In-brief: Consumers express concerns about connected cars and say they assume vehicles will be hacked.
Business Insider picked up on a survey on connected vehicles by the folks over at Kelly Blue Book – the unofficial bible for all things “automobile” that has some interesting insights for automakers and those of us in the security community. Among them: consumers seem not-too-concerned about vehicle hacking.
The Kelly Blue Book survey of 813 visitors to the company’s website found that 62% think “connected cars will be hacked,” and that a minority (42%) said they “want cars to be more connected.” That could be a sign that the automobile industry is getting out over its skis a bit with connected vehicle technology.
The strong majority who believe that connected vehicles will be hacked shouldn’t be surprising. After all, connected vehicles have been hacked, and quite publicly. GM recalled 1.4 million vehicles after a demonstration of a remote, software based attack on critical vehicle systems by researchers Chris Valasek and Charlie Miller in July. So…are they confident about connected vehicles being hacked because they’ve read about connected vehicles being hacked?
Maybe not. According to Kelly, only 26% of the more than 800 people surveyed reported hearing reports of car hackings in the last year, despite the media attention to car hacking. In fact, that number was lower than the percentage who reported hearing of car hacking the year prior.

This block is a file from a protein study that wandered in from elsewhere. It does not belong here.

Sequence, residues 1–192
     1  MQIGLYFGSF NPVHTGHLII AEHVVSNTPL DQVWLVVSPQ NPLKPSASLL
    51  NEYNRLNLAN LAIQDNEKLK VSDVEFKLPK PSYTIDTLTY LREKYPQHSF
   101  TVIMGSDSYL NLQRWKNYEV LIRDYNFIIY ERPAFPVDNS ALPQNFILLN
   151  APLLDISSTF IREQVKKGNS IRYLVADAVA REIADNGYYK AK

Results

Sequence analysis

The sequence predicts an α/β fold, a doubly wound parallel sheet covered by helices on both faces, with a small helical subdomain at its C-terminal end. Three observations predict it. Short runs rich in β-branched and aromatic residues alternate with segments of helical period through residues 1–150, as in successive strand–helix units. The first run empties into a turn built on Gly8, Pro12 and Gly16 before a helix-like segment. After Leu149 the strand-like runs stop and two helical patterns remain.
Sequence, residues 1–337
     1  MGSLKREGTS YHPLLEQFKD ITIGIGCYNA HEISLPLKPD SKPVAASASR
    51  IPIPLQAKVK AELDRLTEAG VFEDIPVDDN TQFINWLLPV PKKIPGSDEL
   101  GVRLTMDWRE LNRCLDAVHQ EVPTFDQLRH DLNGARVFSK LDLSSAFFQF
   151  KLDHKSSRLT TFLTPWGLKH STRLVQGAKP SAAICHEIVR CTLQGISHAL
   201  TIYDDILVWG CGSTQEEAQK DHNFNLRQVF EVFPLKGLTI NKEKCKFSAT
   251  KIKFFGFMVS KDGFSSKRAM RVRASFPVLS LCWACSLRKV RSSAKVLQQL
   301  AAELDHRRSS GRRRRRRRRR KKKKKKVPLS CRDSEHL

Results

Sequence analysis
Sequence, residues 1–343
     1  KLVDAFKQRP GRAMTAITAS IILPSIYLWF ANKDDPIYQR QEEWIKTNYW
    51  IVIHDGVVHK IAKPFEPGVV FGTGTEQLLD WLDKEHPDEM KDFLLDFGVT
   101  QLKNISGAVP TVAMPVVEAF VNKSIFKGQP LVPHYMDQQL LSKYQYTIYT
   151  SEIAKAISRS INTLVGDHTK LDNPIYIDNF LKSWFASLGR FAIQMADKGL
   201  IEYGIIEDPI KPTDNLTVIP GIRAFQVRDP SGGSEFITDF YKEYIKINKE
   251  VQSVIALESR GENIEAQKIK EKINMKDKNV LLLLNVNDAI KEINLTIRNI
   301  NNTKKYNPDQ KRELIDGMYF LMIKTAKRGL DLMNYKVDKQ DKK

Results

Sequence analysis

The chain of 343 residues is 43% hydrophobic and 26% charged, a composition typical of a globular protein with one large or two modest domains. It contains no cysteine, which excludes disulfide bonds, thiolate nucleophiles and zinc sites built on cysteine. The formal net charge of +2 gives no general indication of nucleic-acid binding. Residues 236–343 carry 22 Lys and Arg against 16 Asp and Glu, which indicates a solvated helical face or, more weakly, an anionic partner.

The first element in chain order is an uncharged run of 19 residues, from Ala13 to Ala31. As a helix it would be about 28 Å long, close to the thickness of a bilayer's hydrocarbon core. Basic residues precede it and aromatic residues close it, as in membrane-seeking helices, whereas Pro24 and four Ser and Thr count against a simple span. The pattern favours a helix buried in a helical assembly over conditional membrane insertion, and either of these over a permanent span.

Other interesting stats from the survey:
- Millennials are the least likely of all generations to think vehicle hacking will be a frequent problem within the next three years. Just 50 percent of Millennials do, compared with 70 percent of all respondents surveyed.
- The majority of Millennials support vehicles becoming more connected (60 percent) compared with 42 percent of all consumers.
- Desire for in-car apps is tempered by security concerns. Only 13 percent of consumers would never use Google’s Android Auto or Apple CarPlay while driving if it increased the potential for their vehicle to be hacked.
Auto manufacturers should be responsible for software security that prevents hacking, while insurers should cover losses due to hacks, the survey revealed. Forty-four percent of consumers think the vehicle manufacturer is most responsible for securing a vehicle from hacking vulnerabilities. More than two-thirds view vehicle manufacturers as partially responsible, even if a car is hacked through a mobile phone’s software or applications, the survey found.
Read more at Business Insider: Smart Car Hacking Major Problem for IoT – Internet of Things – Business Insider